kross57

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About kross57

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  • Interests (Hobbies, favorite activities, etc.):
    fishing, hunting
  • What I do for a living:
    enviro consultant

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  1. I believe the real fight is with the Army Corp of Engineers. The rest may benefit but they are neither organized or especially skilled at this kind of fight.
  2. You need one organization willing to spearhead this, to get the ball rolling. I plan to approach Surfrider first, maybe American Littoral Society if that fails. Open to suggestions. Or talk it up with whatever group you're involved with now. It will definitely take a broad coalition.
  3. I do think it will be hard. When are the things worth doing ever easy? Its not just anglers. Surfers, enviros; even beachgoers who see the danger in cliff-like beaches, savage shorebreak, dangerous undertow, or just the negatives of spreading their blankets on orange gravel. Or tell a shore community they can have that $10 million to spend however they see fit. If they had a choice, how many would use the funding to pump sand? I've always felt any battle is winnable when you are right. Here, there's no question.
  4. I meant organized groups. And that is part of the needed campaign - getting VALID information out to the public. I don't think most people are aware that hundreds of millions of their tax dollars are being wasted. Especially the 90% of NJ residents who are neither beach goers nor seaside landowners. It's us saying over and over "it can't be done" that will make that statement true. It CAN be done.
  5. Everyone, with few exceptions, seems to be against beach replenishment. The trouble is, there has never been an organized, consistent opposition. I mean, who thought development could be stopped across the NJ Highlands? But, it happened. Years of combined effort from a broad front of enviros, sportsmen's groups, etc., and there it is. Someone just needs to kick this off and stay with it. It is certainly doable. However, political finger-pointing is the best way I know to ensure failure.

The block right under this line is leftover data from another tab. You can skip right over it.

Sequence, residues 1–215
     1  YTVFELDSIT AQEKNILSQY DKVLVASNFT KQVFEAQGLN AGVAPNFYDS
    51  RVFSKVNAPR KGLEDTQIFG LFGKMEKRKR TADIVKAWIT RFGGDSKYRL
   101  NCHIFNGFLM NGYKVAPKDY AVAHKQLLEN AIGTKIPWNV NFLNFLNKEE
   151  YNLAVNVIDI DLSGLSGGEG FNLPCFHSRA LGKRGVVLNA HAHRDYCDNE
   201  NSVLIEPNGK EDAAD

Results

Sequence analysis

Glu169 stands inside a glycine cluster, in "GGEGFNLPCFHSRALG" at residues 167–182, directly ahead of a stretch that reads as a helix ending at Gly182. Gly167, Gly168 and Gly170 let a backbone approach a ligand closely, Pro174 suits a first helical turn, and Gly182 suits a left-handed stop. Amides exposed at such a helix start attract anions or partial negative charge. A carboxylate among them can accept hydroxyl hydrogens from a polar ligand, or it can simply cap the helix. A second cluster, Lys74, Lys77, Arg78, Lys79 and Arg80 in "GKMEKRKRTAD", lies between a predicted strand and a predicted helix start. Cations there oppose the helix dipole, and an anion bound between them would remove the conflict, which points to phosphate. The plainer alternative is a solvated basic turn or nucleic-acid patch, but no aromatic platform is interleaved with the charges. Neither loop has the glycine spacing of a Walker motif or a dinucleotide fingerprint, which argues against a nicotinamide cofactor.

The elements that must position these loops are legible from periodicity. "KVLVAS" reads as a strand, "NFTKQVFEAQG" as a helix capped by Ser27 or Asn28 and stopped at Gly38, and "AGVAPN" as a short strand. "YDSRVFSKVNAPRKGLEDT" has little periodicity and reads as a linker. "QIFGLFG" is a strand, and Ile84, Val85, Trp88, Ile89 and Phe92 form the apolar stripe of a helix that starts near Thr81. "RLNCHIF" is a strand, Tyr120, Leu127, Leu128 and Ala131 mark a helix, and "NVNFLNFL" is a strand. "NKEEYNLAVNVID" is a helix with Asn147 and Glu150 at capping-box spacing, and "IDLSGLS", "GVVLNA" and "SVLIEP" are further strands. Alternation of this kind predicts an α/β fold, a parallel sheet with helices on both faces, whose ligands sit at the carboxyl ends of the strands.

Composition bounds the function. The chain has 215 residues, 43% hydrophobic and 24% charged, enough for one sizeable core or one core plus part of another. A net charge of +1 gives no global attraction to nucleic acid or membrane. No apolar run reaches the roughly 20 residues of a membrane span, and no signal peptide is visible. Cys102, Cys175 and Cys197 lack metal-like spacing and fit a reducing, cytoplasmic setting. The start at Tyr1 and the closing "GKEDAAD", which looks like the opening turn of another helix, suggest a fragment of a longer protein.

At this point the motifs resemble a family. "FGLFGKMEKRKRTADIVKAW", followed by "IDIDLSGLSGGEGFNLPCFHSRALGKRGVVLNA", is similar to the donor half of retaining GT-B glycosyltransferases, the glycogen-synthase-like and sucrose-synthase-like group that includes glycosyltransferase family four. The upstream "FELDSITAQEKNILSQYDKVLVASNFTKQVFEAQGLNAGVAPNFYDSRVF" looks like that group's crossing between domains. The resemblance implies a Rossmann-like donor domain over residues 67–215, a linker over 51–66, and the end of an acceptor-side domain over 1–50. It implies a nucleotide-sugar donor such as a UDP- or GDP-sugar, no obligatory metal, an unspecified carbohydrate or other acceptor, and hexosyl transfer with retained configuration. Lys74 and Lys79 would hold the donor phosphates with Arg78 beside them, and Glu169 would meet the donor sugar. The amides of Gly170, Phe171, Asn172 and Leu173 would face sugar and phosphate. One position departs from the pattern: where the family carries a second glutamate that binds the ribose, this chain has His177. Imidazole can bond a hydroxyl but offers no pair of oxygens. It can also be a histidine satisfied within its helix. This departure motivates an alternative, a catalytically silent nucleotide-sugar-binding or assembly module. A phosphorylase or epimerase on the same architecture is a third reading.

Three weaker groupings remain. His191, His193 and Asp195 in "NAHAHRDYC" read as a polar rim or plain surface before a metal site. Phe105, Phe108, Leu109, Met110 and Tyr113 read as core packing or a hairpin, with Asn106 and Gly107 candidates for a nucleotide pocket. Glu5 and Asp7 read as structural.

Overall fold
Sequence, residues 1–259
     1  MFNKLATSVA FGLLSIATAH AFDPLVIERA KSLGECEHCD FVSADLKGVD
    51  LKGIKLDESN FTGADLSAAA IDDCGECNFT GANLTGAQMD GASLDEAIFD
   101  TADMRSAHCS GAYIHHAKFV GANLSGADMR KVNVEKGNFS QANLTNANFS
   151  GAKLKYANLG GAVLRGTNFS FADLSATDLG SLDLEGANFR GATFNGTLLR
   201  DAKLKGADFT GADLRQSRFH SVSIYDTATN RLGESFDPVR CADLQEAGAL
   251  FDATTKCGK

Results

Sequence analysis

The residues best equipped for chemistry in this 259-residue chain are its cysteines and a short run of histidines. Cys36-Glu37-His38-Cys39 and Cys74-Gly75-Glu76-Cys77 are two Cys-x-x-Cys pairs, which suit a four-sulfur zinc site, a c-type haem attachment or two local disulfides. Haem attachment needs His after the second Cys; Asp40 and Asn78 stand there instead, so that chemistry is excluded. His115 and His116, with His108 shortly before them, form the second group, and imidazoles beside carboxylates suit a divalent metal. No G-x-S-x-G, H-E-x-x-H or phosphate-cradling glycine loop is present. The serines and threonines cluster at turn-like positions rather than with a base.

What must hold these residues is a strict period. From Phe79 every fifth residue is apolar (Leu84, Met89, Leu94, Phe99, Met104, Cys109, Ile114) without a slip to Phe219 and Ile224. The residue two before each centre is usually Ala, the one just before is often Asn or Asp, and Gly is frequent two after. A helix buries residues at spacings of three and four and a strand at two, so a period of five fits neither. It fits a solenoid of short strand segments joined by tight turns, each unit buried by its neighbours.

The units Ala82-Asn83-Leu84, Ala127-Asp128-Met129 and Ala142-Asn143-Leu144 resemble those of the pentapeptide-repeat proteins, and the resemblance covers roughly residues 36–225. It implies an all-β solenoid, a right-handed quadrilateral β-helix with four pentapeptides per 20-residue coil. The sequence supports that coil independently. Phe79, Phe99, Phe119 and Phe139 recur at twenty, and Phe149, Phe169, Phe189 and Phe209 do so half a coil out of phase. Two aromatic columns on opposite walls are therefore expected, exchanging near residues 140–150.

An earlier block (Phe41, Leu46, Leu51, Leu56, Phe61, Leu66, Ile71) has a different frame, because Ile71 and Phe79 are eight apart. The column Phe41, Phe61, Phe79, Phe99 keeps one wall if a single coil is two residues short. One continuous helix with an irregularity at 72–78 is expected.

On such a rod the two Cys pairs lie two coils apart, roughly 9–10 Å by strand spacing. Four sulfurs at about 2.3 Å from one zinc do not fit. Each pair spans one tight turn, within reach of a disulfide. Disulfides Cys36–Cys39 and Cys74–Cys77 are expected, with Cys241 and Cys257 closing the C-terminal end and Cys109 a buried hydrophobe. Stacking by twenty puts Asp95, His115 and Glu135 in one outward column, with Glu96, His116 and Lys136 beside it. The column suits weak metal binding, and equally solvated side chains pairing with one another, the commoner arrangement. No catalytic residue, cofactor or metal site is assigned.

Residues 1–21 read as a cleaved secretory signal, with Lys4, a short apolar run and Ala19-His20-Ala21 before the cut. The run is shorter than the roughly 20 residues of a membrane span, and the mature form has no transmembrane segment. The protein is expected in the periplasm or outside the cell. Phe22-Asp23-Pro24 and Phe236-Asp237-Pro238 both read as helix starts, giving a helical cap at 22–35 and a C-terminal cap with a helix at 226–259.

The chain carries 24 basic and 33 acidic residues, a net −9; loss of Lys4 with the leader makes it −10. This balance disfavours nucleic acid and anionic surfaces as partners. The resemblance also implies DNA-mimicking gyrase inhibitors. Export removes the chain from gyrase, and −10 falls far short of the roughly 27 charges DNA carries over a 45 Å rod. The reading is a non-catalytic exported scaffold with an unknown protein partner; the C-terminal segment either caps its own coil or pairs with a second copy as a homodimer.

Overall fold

6. Yeah, must have been scary as hell. lol
  7. I learned my lesson here long ago. But every once in a while I let myself get dragged back in out of sheer boredom. Before you know it. I am in an endless argument, going round and round and round. It's a complete and utter waste of my time.
  8. I don't hink anyone there has tried the new Outback seat yet.
  9. Which yak? I have tried the new Hobie vantage seat. It is comfortable. But my concerns I have spelled out already.
  10. I'm just glad its a rainy day. Yeah, I know, off topic.
  11. I know this may seem incredible, but companies do make mistakes. Just look at those exploding Pintos. What I'm really thinking about is the next kayak redesign and retooling down the road. When you are changing your molds anyway. So, zero cost. And I've never seen a warranty problem generated by a change in the seat. Fill me in. As far as how difficult this is for a team of engineers, Riddler came up with a work-around on his own, with no laboratory or high-tech computers. It certainly is possible. So, pop, pop, pop, pop. Walk it off , man. Walk it off.
  12. Nice. But my objections to the new seats have nothing to do with comfort.
  13. Sorry, I wasn't aware that defining "comic relief" helped you to catch fish. I am not talking about surfing kayaks. Just launching in surf. Very different. What "pad and strap" are you writing about? Did I invent something?